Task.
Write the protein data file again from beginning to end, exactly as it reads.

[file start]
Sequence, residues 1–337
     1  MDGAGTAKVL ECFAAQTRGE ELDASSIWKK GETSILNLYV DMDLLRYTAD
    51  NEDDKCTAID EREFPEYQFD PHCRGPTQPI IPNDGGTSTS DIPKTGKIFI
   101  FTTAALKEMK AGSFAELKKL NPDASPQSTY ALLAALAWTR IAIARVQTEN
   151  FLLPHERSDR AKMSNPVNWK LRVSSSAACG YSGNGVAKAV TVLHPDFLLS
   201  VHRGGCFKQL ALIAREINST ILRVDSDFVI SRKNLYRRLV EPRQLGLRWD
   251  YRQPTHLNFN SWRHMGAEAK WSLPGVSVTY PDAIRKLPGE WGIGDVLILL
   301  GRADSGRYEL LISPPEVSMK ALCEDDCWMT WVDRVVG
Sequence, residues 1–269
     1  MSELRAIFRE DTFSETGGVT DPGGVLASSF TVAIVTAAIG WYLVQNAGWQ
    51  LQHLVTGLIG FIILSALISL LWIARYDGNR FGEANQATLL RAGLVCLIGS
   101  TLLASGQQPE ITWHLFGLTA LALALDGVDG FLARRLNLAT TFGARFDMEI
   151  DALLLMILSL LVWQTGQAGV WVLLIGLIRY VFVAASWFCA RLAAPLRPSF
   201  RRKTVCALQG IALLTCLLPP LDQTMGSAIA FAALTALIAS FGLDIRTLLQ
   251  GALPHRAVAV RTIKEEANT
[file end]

Sequence, residues 1–337
     1  MDGAGTAKVL ECFAAQTRGE ELDASSIWKK GETSILNLYV DMDLLRYTAD
    51  NEDDKCTAID EREFPEYQFD PHCRGPTQPI IPNDGGTSTS DIPKTGKIFI
   101  FTTAALKEMK AGSFAELKKL NPDASPQSTY ALLAALAWTR IAIARVQTEN
   151  FLLPHERSDR AKMSNPVNWK LRVSSSAACG YSGNGVAKAV TVLHPDFLLS
   201  VHRGGCFKQL ALIAREINST ILRVDSDFVI SRKNLYRRLV EPRQLGLRWD
   251  YRQPTHLNFN SWRHMGAEAK WSLPGVSVTY PDAIRKLPGE WGIGDVLILL
   301  GRADSGRYEL LISPPEVSMK ALCEDDCWMT WVDRVVG
Sequence, residues 1–269
     1  MSELRAIFRE DTFSETGGVT DPGGVLASSF TVAIVTAAIG WYLVQNAGWQ
    51  LQHLVTGLIG FIILSALISL LWIARYDGNR FGEANQATLL RAGLVCLIGS
   101  TLLASGQQPE ITWHLFGLTA LALALDGVDG FLARRLNLAT TFGARFDMEI
   151  DALLLMILSL LVWQTGQAGV WVLLIGLIRY VFVAASWFCA RLAAPLRPSF
   201  RRKTVCALQG IALLTCLLPP LDQTMGSAIA FAALTALIAS FGLDIRTLLQ
   251  GALPHRAVAV RTIKEEANT